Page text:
Bluegrass, bourbon and basketball
By ANNIE MOORE
College Contributor Network
In the Commonwealth of Kentucky, few things are taken more seriously than horse racing, bourbon and college basketball. But often, when basketball rivalries are discussed, the bluegrass is overlooked. But with two teams consistently bolstering their respective legacies and contending for national titles, Kentucky has emerged as a juggernaut for college basketball.
North Carolina is obviously a powerhouse, with Duke and UNC sparring at the top of the rankings on a regular basis. And Kentucky's northern neighbor, Indiana has long been associated with the home of basketball. But the University of Louisville and the University of Kentucky are making it impossible to ignore the Commonwealth.
In the past 36 seasons, the two schools have won six national titles, three each. They've also been to a combined 16 Final Fours, and 28 Elite Eights. There have been eight seasons in the last 36, in which a school from Kentucky hasn't been in the Elite Eight. Both schools have made it into the NCAA tournament 30 of the past 36 seasons. 24 of those seasons, both teams made the tournament.
The Commonwealth's biggest rivalry also boasts two Hall of Fame Head Coaches in Rick Pitino and John Calipari. While the Cards and Cats are the heavy hitters in the state, many other bluegrass ball teams have made a name for themselves in recent history. Bellarmine University in Louisville won its first Division II National Title in 2011. And several other schools such as Western Kentucky University, Morehead State and Murray State have made Division I NCAA Tournament appearances of late.
Kentucky, and Louisville more specifically, is more known for the Kentucky Derby. While the first Saturday in May is near and dear to many in the bluegrass, basketball season is almost as indoctrinated, and approached with even more fervor in some parts.
While Churchill Downs and the Derby is everything symbolic and traditional about sports in Kentucky, basketball is exciting and ubiquitous through generations and socio-economic classes, which would be one explanation why every year, basketball games boast the highest ratings of any program in the state.
Last month, the Wall Street Journal wrote an article which stated that more people watch college basketball in Louisville, Kentucky than anywhere else in the nation. The article went on to state that college basketball games get a 5.9 average rating in the Louisville area, which means that at any given time 5.9% of households are watching a college basketball game any time there is a game on. According to the article that is more than double the next closest market surveyed.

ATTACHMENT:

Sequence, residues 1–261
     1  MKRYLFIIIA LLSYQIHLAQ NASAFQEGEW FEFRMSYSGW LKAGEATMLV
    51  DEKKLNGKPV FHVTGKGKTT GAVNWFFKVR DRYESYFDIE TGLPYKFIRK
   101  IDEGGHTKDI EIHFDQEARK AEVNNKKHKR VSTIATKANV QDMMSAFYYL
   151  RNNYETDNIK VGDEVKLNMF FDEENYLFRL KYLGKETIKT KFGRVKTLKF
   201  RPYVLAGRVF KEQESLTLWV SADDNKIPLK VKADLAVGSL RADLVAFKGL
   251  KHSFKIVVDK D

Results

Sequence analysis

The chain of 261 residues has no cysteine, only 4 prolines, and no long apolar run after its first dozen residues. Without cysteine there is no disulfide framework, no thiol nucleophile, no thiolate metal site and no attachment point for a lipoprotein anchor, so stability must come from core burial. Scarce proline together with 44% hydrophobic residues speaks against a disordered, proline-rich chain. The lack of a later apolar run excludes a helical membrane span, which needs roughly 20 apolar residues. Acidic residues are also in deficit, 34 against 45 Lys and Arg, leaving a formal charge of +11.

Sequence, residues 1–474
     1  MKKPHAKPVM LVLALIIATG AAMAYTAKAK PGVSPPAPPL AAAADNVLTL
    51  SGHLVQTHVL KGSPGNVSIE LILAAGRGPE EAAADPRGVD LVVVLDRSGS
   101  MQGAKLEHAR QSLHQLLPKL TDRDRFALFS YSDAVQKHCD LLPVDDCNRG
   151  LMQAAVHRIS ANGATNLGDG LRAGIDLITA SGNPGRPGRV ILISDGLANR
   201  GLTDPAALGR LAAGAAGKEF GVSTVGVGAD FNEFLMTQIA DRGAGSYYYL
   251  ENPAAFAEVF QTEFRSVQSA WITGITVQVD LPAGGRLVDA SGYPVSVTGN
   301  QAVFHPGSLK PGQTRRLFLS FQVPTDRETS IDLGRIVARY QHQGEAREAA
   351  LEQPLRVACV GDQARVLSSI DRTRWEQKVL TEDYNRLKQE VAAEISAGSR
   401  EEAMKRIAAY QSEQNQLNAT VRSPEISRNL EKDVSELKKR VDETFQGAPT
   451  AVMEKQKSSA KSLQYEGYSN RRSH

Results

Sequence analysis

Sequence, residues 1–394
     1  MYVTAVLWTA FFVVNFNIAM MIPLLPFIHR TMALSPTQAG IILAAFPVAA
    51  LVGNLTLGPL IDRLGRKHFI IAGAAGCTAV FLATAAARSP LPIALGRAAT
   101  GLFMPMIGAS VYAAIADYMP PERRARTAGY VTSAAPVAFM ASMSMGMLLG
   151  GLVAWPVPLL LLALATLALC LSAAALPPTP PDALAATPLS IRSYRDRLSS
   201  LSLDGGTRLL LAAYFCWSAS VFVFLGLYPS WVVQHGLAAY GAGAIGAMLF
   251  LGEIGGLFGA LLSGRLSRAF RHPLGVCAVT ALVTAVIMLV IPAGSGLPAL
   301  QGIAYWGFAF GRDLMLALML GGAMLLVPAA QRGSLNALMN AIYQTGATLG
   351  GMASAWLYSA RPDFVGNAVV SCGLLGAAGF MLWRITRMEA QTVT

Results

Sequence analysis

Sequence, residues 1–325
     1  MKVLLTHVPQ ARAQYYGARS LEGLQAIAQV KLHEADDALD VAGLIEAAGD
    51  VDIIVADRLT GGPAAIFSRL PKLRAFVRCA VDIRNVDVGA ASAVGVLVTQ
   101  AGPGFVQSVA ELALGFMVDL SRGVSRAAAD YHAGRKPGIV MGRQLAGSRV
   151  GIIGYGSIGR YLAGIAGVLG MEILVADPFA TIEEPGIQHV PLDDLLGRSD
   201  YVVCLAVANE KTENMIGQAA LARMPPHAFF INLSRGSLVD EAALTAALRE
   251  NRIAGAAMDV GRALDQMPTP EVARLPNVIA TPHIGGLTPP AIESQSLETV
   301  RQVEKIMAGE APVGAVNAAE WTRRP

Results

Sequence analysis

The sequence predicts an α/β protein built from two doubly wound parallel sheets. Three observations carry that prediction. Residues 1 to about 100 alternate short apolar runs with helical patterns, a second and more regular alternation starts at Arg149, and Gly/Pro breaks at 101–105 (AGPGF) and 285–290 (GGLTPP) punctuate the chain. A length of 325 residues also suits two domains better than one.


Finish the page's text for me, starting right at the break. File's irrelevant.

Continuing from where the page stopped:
Many professional teams have discussed coming to the Louisville area, one ABA team did a brief stint in Louisville. The Kentucky Colonels were in the league for nine years in Louisville, and featured such players as Dan Issel, Louis Dampier and Artis Gilmore. But the Colonels did not join the NBA in the merger, and that was the last professional ball to reside in the Commonwealth. Now discussions of possible local professional teams always turns to the college basketball dominated market. College basketball is so commanding in Kentucky, a professional team would be very unlikely to succeed.
In this way we see the absolute fanaticism of basketball fans around the entire state. Fans can be found not only in Lexington and Louisville, but in every corner of the state. While the distilleries and horse farms have been a part of this land for hundreds of years, college basketball has become as much a part of our DNA.
And all of this basketball turns a healthy profit. According to ESPN's Darren Rovell, the University of Louisville had the biggest profit of any NCAA Tournament team in the 2013-2014 team, netting just under $25 million on the season. In the 2014-2015 season that profit was raised to $39.5 million, while Kentucky brought in $32.5 million, according to Forbes.
A combined $72 million in profits for one season means big money and big influence in the Commonwealth. Kentucky's profits, combined with fanaticism throughout the bluegrass and rich tradition and recent advancement in two major universities are just a couple reasons why when you think college basketball, you should think of Bourbon Country, and the masses of fans that call the Commonwealth of Kentucky home.
Annie Moore is a junior at the University of Louisville majoring in Communications with a Sport Administration minor. She believes Pete Rose should be in the Hall of Fame. Follow her on Twitter: @AnyMoreSports